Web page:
5. Even Toronto, much the largest city in Ontario, felt vulnerable enough to promote itself in the late nineteenth/early twentieth centuries. The reliance on a photograph of the central business district to show the essential character of the place was very typical of Canadian practice. This example dates from 1910.


Community Mapping as Participatory Embroidery (a CAPITAL B project) I love this. Found via CityFix.


Sometimes I search for things on the internet and find my own Tumblr. ^_^


Frederick Law Olmsted in the 1871‘‘Report to the Staten Island Improvement Commission of a Preliminary Scheme of Improvements,’’ as quoted in Robert M. Fogelson’s excellent history of the subdivision Bourgeois nightmares: Suburbia, 1870-1930. Yale University Press, 2007.

Fogelson describes Olmsted’s impassioned case for zoning as arising from his horror at the deterioration of once-grand suburbs due to speculation, over-population and expansion of industry. (p 29)

Through ‘‘ignorance, incompetence, bad taste, or knavery,’’ Olmsted wrote, the newcomers destroyed ‘‘just those circumstances of the locality which have really constituted the chief parts of its value to cultivated townspeople.’’ Far from happy with the changes, some owners lost interest in their property or found other uses for it. ‘‘Rural buildings and fences are allowed to fall into decay, woods and orchards to be cut down, shops, brickyards, breweries, factories to be brought in, and a poor semblance of the scattering outskirts of a large town to overgrow what had been a beautiful countryside.’’

Olmsted had observed this deterioration on a tract of about a thousand to fifteen hundred acres on Staten Island, where he had worked on and off as a gentleman farmer in the late 1840s and early 1850s. A tract that was once ‘‘the most attractive of any on the island, or even perhaps of any on this side of the Atlantic,’’ it had been covered by farms and villages, whose residents lived in cozy cottages alongside pretty roads, ‘‘winding among the great trees, crossing clear brooks and skirting the clean meadows.’’ Then a wharf was built, and a ferry began running between the island and the city. New roads were constructed, and old farms were divided into suburban lots, ‘‘inviting to a good class of residents.’’ But no provision was made for proper drainage, and no care was given to protecting the natural setting. Soon the growing suburb attracted not only the well-to-do but also servants, laborers, and what would now be called day-trippers. To tap the new market, one businessman opened a beer garden; others set up shops and stables and built small dwellings, ‘‘to make room for which fine trees were often felled.’’ ‘‘At length,’’ Olmsted wrote, ‘‘two or three factories were established in the neighborhood, increasing the demand for small lots for lodging houses, stores, and dram shops’’ and making the place less attractive for single-family houses. Polluted by household wastes and left stagnant by road construction, the once sparkling brooks became ‘‘disgusting and dangerous.’’ The once beautiful woodlands, cleared by builders (and then stripped by the poor for fuel), were replaced by ‘‘bare, unsightly wastes’’ and ‘‘pestiferous swamps.’’ To Olmsted, it was extremely troubling that ‘‘a suburban district of great beauty’’ that was easily accessible to the city could deteriorate so rapidly.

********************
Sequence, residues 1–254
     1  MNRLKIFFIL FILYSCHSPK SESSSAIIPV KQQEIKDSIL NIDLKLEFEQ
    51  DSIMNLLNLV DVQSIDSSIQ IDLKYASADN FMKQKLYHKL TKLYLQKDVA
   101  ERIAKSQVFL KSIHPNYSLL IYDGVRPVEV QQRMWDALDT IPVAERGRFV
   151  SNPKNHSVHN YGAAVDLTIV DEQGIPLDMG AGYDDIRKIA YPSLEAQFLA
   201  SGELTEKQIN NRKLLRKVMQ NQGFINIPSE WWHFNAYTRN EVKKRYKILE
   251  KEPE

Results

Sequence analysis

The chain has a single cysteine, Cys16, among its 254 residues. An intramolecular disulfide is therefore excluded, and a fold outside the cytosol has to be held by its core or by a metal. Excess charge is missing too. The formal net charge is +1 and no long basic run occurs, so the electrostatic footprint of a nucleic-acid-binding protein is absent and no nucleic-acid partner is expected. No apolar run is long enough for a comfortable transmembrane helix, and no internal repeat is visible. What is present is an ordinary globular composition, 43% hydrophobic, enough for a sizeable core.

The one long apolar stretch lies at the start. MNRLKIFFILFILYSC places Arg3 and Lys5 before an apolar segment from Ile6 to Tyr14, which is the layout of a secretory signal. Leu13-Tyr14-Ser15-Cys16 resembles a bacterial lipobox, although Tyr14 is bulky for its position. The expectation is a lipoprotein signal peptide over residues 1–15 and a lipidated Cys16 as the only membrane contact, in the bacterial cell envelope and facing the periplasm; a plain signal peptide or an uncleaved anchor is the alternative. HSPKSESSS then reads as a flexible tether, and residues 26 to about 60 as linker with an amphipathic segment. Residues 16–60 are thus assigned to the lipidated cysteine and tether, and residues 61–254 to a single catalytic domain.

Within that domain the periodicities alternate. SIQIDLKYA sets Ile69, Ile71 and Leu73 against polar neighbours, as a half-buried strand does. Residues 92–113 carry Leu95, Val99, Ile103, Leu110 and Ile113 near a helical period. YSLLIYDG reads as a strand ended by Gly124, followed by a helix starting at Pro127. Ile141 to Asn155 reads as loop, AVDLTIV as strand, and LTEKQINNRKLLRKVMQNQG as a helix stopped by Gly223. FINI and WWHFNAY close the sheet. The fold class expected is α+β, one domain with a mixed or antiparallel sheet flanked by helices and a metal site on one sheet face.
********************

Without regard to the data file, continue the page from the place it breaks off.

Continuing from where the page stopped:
[1891 Long Island Railroad map and advertisement]

Two things. 1) Is that an airplane hangar repurposed as a grocery store? 2) I’m glad I’m a townie (for geographic convenience to school, Korean restaurants, and friends) but the windward view of the Ko’olaus is incredible.

Kaneohe Foodland! RT @HistoryInPics: Foodland supermarket, Hawaii, 1959. Photograph by Ralph Crane.RT Via @jilltokuda (Jill N. Tokuda May 15, 2014)


[Trompe l’œil by Alan Sonfist. Images added by me as usual]